Having craned the engine and boiler into the hull we have now settled the position of the key components and can start to deal with some of the remaining fitting out tasks.
We are still aiming for an April Launch, but in true project planning style we had not said which day in April, so we have a few days left. The following items have been addressed so far:
Completing the electrics mostly involved a major wiring job and the acquisition of some Hydraulic Pliers (see more below!) to make a neat job of all the high-current cables (battery, alternator, inverter etc.).
While I was brought up in a “post-war-solder-everything-world” it seems that the cognoscenti have decided that crimped connections are better in boats and cars as they withstand vibration better, and if you do them properly you actually wind up with pressure-welded connections between the copper in the cable and the terminal.
An Aside: The Joy of Hydraulic Crimpers
When it came to terminating the battery wires I discovered that what you need are “tube lugs” which are the big-brothers of normal crimp terminals. Online advice suggests that driving a nail into these or squashing them in a vice does not produce good results … (they were right, I tried).
So the “approved approach” is to use hydraulic pliers (aka hydraulic crimpers). So off to eBay again and twenty-odd pounds gets a Chinese set winging its way to the workshop. However, we relearn the “you-can’t-tell-how-big-a-thing-in-a-photo-is” lesson, when Lou struggles to get the box from DHL up the ladder to the boat. My god they are HUGE!
They are about 2-feet long, and are basically a hydraulic jack with long operating handles. It transpires that I need the smallest of the set of jaws provided – but I am certainly on the lookout for other things I can crimp together (engines into cars, anchors to chains etc.)….
As a point of advice it can be quite hard to decide the cross-sectional area of your cable and choose the matching tube lugs – the cable really does need to be quite a snug fit in the lug before it is crimped.
On a couple of the connections I needed to make the smallest die in the kit still did not compress the lug enough to get a firm finish…. so I just inserted a M5 bolt into the jaws with the “loose” connection and re-crimped – the 16tonnes of pressure did the job!!!
I am very pleased with these as they make a neat and secure job, with a bit of self-amalgamating tape to seal the ends of the insulation, they look almost professional!
The toughest bit of this job was installing all the cable clips around the boat to try to keep things neat. Given that a fair amount of this involves attaching clips to over-head beams on a roof that actually requires you to stoop at all times, this really gets difficult, as trying to see and reach above your head while folded in half is a back-breaking game. (some swearing ensues as you drill a new hole in your index finger with a posidrive screwdriver bit and electric screwdriver when it all slips out of place).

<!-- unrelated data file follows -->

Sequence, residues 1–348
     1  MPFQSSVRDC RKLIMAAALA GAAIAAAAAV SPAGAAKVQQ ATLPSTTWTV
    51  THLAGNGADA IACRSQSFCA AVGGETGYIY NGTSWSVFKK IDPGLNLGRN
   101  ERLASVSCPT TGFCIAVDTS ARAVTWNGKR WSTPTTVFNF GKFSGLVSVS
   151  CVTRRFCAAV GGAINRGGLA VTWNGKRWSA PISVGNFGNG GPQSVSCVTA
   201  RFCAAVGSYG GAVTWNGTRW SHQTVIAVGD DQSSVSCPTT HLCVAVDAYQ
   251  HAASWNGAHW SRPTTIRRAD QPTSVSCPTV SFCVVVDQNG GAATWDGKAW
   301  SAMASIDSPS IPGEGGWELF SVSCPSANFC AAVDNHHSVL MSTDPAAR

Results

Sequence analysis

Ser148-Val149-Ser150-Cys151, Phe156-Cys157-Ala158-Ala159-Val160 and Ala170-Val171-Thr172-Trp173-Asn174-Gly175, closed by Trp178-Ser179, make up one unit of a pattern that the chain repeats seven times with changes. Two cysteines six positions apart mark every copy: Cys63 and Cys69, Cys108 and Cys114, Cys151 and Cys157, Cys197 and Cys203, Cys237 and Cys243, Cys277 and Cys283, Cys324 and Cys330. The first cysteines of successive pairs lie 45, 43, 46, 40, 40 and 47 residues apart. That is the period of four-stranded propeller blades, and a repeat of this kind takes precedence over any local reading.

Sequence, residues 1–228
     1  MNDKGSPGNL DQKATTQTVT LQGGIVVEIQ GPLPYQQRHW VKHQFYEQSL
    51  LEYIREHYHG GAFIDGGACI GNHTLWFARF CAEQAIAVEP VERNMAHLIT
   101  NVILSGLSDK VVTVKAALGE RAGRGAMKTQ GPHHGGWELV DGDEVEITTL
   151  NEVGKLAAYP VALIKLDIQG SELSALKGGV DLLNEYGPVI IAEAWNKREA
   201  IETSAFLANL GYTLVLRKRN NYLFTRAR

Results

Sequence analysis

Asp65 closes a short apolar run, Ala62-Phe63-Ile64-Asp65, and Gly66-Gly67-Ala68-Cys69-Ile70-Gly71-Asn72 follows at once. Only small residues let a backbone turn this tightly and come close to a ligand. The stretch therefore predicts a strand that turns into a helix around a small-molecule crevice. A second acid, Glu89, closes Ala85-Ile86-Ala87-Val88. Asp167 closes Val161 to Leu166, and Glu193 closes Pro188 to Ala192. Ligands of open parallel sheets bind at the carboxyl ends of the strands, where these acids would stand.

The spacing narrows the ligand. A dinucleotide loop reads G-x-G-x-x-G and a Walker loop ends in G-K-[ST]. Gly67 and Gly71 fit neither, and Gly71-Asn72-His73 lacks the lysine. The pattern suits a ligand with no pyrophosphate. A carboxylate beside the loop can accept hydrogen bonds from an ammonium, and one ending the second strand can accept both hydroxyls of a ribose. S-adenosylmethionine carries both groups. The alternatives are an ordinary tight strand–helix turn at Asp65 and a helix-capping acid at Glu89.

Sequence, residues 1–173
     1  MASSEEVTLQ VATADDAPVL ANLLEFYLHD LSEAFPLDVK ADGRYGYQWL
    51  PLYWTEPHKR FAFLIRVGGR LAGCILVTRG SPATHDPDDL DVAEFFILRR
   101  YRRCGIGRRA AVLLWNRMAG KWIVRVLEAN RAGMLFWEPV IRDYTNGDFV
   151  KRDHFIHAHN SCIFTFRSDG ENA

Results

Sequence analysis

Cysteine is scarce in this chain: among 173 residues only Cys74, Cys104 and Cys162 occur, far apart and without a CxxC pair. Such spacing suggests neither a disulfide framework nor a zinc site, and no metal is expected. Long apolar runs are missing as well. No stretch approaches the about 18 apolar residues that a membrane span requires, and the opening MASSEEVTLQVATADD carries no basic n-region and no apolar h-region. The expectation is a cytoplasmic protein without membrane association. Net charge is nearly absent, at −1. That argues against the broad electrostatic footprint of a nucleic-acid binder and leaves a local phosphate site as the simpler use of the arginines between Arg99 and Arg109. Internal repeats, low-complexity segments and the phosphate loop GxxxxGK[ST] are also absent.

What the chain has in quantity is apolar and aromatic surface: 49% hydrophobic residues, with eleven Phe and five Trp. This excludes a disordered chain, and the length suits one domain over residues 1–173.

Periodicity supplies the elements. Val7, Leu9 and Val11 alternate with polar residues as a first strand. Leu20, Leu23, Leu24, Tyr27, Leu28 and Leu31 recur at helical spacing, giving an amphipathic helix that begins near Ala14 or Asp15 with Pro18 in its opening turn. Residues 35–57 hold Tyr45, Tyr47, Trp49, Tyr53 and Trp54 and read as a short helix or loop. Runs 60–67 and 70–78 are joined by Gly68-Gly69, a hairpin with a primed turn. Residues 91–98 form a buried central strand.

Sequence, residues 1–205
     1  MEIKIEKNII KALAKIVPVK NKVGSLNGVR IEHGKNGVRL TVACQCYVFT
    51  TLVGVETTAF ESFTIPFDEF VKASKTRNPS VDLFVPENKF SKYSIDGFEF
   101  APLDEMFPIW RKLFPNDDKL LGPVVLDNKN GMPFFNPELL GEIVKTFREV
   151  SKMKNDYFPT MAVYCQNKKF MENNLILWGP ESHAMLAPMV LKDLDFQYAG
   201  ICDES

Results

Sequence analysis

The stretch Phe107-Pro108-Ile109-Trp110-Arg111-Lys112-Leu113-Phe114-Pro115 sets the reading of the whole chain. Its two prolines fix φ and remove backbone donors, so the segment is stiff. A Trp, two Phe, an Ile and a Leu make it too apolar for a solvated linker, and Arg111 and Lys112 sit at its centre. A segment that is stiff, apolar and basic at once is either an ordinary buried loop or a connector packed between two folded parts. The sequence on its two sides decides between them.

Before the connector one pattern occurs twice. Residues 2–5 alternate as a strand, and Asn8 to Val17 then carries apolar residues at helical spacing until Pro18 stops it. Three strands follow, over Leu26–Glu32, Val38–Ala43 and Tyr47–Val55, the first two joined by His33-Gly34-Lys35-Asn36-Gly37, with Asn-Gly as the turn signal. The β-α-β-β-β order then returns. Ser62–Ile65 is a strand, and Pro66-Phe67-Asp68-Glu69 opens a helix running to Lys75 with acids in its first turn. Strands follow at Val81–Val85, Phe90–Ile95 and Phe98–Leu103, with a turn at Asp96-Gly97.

Either way, we are almost there with the VHF radios, cabin lights (LED strip wired to provide RED or WHITE light – to save ones night vision), bilge pumps, navigation lights, inverter, pressure switches etc. all in place.
Cabin and Cockpit Soles (“Decks” to you and me)
As noted in a previous post, we assembled the rear cockpit and cabin soles from mahogany and oak floor boarding epoxied into removable slabs. But once we got to the forward part of the cockpit we converted to aluminium checker-plate. This should be more resistant to the heat and oil around the engine and boiler. These plates are held down with another recent discovery rivnuts – (a captive nut that is attached like a pop-rivit).
Engine to Propshaft Drive
As previously planned, this drive is via a 30mm-wide HTP belt (like a wide cam-belt). This went together quite well, with a tensioner made from up-cycled Landrover Discovery cam-belt tensioner bearings.
While the “regulations” do not require it, it seemed prudent to fit an escape hatch to the cabin (being as how you have an overscale oil-fired central heating burner and boiler full of 250psi and 200-degree C (401-degrees F for our American readers) water and steam).
This is a stressy process – attacking the cabin walls with a jigsaw to fit the hatch, without hitting anything vital – or cutting in the wrong place, is something I find I need to spend a few days building myself up to.
Epoxy Filleting and Plastic Woodwork
Quite a lot of the current job list involves a return to Epoxy Carpentry, which allows a complete amateur like me produce strong wooden structures. By adding the correct things to war epoxy resin you can create adhesives, structural fillers or even sanding fillers. Epoxy gets hard to work at low temperatures (and we have had minus 8 or 9 in the last month) because it gets so thick – but no matter what the temperature it still cures given time…
Sorry there are no pictures for any of this at the moment – I’ll try to take some in the next few days and add them to this post….